Subbies had to be talked into not removing their gear.
Two contractors on Queenstown’s troubled Kawarau Falls Station development fear for their staff.
“Staff are the biggest concern,” says Warwick Stalker, whose RHE Mechanical stands to lose turnover of $2.5 million.
Bank of Scotland (BOS) last week appointed receivers to the billion-dollar hotel and resort project – which is about 70 per cent through stage one construction, employing about 500 staff.
Receivers promise only two weeks of paid work while they go through the books.
Stalker says he’s “wound right up” for the project, employing 24 staff.
“It’s been quite a battle to get them here and get their accommodation set up.
“Some had been out of work or wanted to get back into the industry.”
It’s been “a bit stressful” for newcomers: “We’ve been asked a lot of questions.”
He’ll be “devastated” if receivers pull the plug on Kawarau Falls.
Rilean Construction boss Steve McLean says he and co-director Trevor Meikle have also “spent a lot of effort to try and rebuild confidence” among their 25 Kawarau Falls staff.
“Job security is in the foremost of most people’s minds and we had to do this straight up.”
He and Meikle had one-on-one meetings with their team last week, followed by a drinks shout.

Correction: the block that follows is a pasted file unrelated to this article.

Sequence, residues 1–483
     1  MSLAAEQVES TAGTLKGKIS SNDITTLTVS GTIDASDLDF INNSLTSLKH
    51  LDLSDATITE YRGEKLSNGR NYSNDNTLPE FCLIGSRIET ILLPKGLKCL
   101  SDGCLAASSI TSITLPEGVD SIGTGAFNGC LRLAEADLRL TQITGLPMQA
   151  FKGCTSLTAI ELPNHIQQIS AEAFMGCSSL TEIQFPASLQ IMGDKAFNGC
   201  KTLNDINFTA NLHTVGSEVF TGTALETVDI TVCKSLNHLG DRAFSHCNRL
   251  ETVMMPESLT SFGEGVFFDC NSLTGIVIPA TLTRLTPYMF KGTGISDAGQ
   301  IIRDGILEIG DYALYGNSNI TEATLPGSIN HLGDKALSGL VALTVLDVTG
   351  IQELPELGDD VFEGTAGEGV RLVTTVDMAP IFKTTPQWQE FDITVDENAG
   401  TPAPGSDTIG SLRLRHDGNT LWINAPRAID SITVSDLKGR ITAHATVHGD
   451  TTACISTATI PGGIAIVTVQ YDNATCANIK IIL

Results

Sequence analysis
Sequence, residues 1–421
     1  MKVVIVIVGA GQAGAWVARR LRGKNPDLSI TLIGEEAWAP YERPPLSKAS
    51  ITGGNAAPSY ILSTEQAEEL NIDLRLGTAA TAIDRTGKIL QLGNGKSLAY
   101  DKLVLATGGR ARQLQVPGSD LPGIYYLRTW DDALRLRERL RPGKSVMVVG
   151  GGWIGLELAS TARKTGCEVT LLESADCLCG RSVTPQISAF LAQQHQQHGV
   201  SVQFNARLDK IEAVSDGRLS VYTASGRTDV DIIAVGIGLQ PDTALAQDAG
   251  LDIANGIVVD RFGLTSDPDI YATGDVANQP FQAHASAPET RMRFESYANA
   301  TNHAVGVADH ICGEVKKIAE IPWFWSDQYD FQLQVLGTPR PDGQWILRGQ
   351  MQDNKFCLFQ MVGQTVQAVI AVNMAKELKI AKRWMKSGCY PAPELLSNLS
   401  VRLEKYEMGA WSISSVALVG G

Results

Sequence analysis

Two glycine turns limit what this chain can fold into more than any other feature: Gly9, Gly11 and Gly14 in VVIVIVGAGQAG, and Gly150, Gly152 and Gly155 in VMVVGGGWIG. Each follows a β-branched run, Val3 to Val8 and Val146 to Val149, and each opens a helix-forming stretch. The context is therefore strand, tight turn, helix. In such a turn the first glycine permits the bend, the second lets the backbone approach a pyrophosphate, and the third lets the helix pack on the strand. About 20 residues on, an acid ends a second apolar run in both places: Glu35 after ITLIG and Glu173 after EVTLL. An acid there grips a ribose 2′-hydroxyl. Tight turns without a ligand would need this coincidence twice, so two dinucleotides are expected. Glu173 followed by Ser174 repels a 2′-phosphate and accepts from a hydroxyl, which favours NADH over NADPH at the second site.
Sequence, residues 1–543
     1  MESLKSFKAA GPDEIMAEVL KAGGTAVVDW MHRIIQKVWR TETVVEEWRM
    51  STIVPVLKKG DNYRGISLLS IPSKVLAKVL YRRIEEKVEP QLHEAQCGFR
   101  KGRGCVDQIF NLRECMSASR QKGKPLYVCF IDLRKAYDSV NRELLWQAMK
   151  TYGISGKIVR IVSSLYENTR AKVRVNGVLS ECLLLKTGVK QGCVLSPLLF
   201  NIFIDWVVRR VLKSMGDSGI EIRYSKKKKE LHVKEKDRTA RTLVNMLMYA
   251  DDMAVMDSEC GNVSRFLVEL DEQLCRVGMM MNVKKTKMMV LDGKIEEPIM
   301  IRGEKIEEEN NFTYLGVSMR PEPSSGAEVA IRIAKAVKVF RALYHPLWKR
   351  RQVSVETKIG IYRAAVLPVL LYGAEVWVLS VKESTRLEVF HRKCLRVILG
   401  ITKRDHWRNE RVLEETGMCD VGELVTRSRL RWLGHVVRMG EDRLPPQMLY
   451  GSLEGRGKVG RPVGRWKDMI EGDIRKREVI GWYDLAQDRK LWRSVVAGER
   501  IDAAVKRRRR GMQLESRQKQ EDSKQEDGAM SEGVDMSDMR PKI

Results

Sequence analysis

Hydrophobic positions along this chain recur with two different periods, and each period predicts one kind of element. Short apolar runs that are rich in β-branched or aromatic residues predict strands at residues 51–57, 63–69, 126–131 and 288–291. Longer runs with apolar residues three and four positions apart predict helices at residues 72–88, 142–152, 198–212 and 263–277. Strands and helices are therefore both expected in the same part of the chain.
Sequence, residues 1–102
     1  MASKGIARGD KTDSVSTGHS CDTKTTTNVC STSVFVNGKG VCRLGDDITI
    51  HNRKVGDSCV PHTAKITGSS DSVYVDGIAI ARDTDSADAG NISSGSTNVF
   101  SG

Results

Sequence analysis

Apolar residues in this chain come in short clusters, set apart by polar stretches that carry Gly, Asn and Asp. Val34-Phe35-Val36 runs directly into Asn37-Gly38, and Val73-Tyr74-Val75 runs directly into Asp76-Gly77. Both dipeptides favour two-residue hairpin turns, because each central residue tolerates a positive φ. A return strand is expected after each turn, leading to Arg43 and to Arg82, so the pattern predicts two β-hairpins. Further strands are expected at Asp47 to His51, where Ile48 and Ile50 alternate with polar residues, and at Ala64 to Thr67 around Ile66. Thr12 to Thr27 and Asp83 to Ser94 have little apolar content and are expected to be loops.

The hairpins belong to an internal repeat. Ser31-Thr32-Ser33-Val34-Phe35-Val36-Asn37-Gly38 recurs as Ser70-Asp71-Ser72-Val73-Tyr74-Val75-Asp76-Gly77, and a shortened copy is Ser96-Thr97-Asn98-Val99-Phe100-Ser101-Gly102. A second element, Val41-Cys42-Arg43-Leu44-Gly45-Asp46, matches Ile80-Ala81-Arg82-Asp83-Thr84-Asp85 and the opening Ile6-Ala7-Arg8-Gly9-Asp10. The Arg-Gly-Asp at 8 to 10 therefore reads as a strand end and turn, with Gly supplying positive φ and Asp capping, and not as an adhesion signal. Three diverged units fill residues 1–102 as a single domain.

McLean: “I think it’s that stigma with the word ‘receivership’ – automatically everyone thought the worse and that there was going to be a lock-down.”
Some subbies had to be talked into not removing gear, he says.
With the high cost of closing-in the construction site to prevent deterioration, McLean says BOS may as well instead bankroll completion of stage one – due this summer.
“The whole town should be concerned that possibly that decision’s going to be made by somebody in London who doesn’t really [understand].”
Two Naylor Love carpenters spoken to this week are both positive stage one will be finished.
If not it would be “a drama”, Lyall Smillie says, noting his co-workers aren’t even discussing the future over smoko despite many having $600-a-week home loans.
After last week’s initial shock, Cromwell-based father of four Dennis Shippers is unfazed – even with a mortgage costing $450 a week.
Shippers has been through his share of drama already – after leaving his native South Africa in 2005, a gang ransacked and occupied his house there: “It cost me a lot of money to get them out.”
Plumber Robert Gjaja is also banking on stage one being finished: “We’ll feel a big pinch if it doesn’t, like I think everyone else will.”
- Auckland-based Kawarau Falls developer Nigel McKenna visited his troubled construction site last Saturday.